Three cheers for three tiers

Our columnist takes a close look at the three levels of reporting that will be introduced by the Accounting Standards Board from July 2013

Ray Jones, policy accountant at the Charity Commission
Ray Jones, policy accountant at the Charity Commission

After six years of discussion and consultation, the Accounting Standards Board has published its blueprint for the future direction of UK accounting and financial reporting.

Its plan is for a new three-tier framework to apply from 1 July 2013. The tiered approach offers three reporting options based on accountability to the financial markets and the size of an organisation. Some charities will have to move to International Financial Reporting Standards, but for most the option of sticking with an existing UK standard is still there - at least for the time being. The Charities Sorp will be retained within this new framework and will continue to provide a ‘one-stop shop’ for charity accounting.

So what do these proposed reporting tiers look like?

‘Tier 3’ offers a ‘no-change’ option for small organisations, including charities. So if your organisation meets the Companies Act definition of small, you can continue to apply the existing UK standard for small organisations - the FRSSE. The act defines small organisations as those whose annual incomes fall below £6.5m, which applies to nearly 99 per cent of all UK charities.

‘Tier 2’ offers a shorter and simplified version of the IFRS. It provides an option for charities wishing to move towards international standards while avoiding the complexity that comes with full IFRS. However, this option might nevertheless present first-time users with challenges because of the unfamiliar terminology and the introduction of fair-value accounting and different disclosures.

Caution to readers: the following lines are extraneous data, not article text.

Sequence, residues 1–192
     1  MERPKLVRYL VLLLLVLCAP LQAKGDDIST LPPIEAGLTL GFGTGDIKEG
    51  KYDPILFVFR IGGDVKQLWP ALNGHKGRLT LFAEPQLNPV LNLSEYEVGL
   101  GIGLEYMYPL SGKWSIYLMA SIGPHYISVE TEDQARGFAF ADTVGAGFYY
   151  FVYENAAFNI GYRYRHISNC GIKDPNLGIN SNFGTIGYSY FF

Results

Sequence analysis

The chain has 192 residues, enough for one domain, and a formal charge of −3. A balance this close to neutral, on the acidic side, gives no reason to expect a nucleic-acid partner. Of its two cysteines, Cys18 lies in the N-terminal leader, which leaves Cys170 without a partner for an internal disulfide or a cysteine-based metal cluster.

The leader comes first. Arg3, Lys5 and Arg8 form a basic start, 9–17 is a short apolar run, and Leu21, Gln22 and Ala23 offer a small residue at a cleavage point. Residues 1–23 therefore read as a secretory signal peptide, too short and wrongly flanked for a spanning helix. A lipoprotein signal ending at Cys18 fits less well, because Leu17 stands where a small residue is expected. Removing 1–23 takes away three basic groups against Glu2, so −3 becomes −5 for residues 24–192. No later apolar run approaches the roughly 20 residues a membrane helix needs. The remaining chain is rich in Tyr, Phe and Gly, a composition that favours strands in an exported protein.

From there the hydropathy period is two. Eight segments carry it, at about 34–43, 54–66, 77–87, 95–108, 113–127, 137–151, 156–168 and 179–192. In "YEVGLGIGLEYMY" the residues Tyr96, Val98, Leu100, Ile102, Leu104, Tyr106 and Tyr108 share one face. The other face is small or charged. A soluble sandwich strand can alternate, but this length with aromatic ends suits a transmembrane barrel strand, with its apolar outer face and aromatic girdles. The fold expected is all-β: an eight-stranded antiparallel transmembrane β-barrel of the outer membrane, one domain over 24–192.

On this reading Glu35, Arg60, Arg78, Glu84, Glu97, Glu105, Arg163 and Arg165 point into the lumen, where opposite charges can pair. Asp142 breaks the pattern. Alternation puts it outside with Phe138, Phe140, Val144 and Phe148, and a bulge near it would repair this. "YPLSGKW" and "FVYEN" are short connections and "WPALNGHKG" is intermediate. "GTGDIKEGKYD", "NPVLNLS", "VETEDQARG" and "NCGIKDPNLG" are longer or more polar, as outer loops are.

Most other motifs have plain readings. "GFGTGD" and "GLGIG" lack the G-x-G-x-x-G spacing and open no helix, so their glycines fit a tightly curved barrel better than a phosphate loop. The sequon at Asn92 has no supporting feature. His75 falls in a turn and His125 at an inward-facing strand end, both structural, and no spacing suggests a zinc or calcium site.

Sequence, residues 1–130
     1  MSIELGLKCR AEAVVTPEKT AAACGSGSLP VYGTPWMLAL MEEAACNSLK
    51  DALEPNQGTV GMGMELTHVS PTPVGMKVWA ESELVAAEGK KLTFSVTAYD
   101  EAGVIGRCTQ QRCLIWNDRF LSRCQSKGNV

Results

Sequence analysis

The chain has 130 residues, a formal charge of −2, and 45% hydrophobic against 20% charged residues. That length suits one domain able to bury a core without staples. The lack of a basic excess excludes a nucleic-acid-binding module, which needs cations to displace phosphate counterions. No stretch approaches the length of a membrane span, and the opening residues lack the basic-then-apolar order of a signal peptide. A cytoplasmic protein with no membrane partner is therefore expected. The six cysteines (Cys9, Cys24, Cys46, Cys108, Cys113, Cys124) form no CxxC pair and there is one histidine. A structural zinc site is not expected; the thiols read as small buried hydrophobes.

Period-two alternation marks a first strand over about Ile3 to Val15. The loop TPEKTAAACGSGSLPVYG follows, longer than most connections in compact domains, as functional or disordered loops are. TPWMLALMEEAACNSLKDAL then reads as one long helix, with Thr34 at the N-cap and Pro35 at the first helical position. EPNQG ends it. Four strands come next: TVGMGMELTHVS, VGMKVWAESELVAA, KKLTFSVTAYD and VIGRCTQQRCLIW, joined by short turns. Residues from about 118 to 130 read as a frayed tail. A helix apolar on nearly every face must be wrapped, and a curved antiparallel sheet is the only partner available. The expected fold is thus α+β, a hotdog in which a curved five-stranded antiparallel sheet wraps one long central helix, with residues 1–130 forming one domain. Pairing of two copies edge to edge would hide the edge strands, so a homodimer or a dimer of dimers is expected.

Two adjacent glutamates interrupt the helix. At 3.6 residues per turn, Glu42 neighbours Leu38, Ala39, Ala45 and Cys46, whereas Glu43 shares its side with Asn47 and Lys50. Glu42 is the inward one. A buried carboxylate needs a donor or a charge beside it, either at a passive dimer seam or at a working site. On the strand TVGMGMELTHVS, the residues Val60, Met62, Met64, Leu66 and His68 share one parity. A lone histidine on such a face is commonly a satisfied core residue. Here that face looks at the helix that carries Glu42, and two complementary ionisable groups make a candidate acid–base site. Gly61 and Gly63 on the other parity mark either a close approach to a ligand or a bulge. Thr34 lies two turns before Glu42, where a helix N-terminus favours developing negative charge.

‘Tier 1’ responds to the needs of capital markets. It involves the use of the full suite of EU-adopted IFRS. This is no simple task: the IFRS includes 50 separate standards and 27 interpretational statements running to more than 3,000 pages. Thankfully, few charities will be required to report under this tier - it is merely an option open to those wishing to apply full IFRS. It will be mandatory only for charities that issue bonds on public markets, hold deposits or manage other people’s money as part of a banking activity.

So how will the new Charities Sorp respond to the new framework? The Charities Sorp Committee believes the best approach is to develop a ‘modular’ Sorp. This would allow charities to download or print off those parts or modules of the Sorp that are relevant to their own particular activities and the tier they’re in. For example, there is no point printing off modules on accounting under the IFRS for small and medium-sized enterprises if you have opted to use the FRSSE.

Similarly, there is little point in printing off a module on accounting for legacies if your charity has received no legacies. The impact of tiered reporting might point to a longer Sorp, but a modular approach could make it shorter for smaller charities with less complex activities. The motto could be "download only what you need".

Ray Jones is policy accountant at the Charity Commission

Finance Ray Jones

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